Customer Reviews

Top Customer Reviews

Format: DVD
Frank Borsage's 1931 film version of Ernest Hemingway's "A Farewell to Arms" can never have the power of the novel's prose, and its not-quite-so-simple romantic idyll. I first saw the film as a twelve-year old in 1931, when it was released; but I've reread the novel many times, and have seen the film twice in recent years. I am a veteran of World War II and a retired professor of literature. So I can now see AFTA through the eyes and sensibilities of a hopefully more seasoned, if not cynical, old man. In '31, I was too young to "get" the implications of war's tragedy (even though my boyhood was saturated with stories and films about "the Great War"--"All Quiet on the Western Front--the novel & the film--What Price Glory--the play & the film--the 1927 Seventh Heaven with Charles Farrell and Janet Gaynor co-starring, too young--in that earlier age of innocence--to know how babies were made). Now I am touched by Frederick Henry's (not-so)"innocent" affair with Nurse Cathrine Barkley, touched by its initial idyllic quality. But in 1931, I had not read AFTA. Hardly! Or if read would I have understood it. But decades later, I can now see the lacunae, the holes & telescopings and elidings of vital scenes in the novel, one being the couple's "alpine idyll" above Montreux, Switzerland, the row across the lake to Switzerland (which Catherine shares, but not in the film), and which may have contributed to the complications of her baby's still-birth and her own death by loss of blood. Finally, that silly Hollywood ending, with Cooper (an otherwise good performance considering the pre-Method time)picking up Catherine from her (death) bed, murmuringm "Peace! Peace!" to the skies beyond the open window,as bells toll the war's end.Read more ›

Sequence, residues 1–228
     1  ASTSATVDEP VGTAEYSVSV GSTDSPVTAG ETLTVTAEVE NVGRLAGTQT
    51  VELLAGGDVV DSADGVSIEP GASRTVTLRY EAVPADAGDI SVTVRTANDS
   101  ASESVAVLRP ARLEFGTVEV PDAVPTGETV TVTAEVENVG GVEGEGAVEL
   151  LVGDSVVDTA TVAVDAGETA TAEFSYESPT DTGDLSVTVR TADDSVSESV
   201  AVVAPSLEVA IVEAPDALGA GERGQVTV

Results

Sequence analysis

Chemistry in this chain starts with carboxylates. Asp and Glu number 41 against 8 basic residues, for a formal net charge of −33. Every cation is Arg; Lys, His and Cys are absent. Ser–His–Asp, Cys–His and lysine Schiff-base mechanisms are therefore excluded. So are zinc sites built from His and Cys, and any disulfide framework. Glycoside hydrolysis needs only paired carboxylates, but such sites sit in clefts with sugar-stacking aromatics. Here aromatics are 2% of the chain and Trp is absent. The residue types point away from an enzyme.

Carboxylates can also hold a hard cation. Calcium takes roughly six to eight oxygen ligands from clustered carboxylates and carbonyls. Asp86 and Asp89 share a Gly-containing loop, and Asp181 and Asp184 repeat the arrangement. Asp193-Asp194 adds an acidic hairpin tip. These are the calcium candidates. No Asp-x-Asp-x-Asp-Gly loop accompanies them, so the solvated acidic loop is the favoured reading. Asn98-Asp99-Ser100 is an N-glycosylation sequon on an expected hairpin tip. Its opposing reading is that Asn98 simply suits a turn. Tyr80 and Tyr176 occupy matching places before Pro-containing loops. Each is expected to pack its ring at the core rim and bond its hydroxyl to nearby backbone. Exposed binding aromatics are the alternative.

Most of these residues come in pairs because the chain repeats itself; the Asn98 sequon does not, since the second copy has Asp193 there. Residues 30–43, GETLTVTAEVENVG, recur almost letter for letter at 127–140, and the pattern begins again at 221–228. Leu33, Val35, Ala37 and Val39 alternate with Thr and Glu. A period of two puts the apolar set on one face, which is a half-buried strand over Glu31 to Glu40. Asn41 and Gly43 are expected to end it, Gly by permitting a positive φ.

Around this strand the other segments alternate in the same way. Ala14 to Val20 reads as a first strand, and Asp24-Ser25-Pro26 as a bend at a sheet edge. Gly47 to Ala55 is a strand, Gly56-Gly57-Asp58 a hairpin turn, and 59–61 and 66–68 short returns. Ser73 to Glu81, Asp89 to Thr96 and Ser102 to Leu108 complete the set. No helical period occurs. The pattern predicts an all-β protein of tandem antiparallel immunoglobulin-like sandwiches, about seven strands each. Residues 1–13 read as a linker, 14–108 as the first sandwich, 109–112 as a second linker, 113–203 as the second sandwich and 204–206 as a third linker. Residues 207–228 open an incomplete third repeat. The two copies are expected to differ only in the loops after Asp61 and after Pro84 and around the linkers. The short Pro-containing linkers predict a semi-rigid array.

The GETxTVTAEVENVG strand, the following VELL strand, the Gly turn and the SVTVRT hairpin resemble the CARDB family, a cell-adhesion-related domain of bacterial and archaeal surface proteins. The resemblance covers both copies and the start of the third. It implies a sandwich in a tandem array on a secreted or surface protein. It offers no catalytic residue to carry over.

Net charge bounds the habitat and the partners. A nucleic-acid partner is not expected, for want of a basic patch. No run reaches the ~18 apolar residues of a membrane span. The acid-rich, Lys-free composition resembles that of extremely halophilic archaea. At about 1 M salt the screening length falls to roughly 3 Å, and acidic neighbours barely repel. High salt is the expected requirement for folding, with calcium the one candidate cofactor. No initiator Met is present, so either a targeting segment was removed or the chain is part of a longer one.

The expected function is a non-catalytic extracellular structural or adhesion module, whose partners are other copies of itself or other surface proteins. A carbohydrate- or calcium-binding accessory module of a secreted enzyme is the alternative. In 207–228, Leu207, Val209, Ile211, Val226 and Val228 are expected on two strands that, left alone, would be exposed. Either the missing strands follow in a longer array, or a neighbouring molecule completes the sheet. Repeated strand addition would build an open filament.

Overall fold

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Format: DVD
A Frank Borzage production that is based on a novel by Ernest Hemingway, this is a story of the love between ambulance driver Lieutenant Henry (Gary Cooper) and Nurse Catherine Barkley (Helen Hayes) during World War I. the story is made complex by the interference of Major Rinaldi (Adolphe Menjou.)

"Disaster as well as victory is written for every nation on the record of the World Ware, but high on the rolls of glory two names are inscribed -- --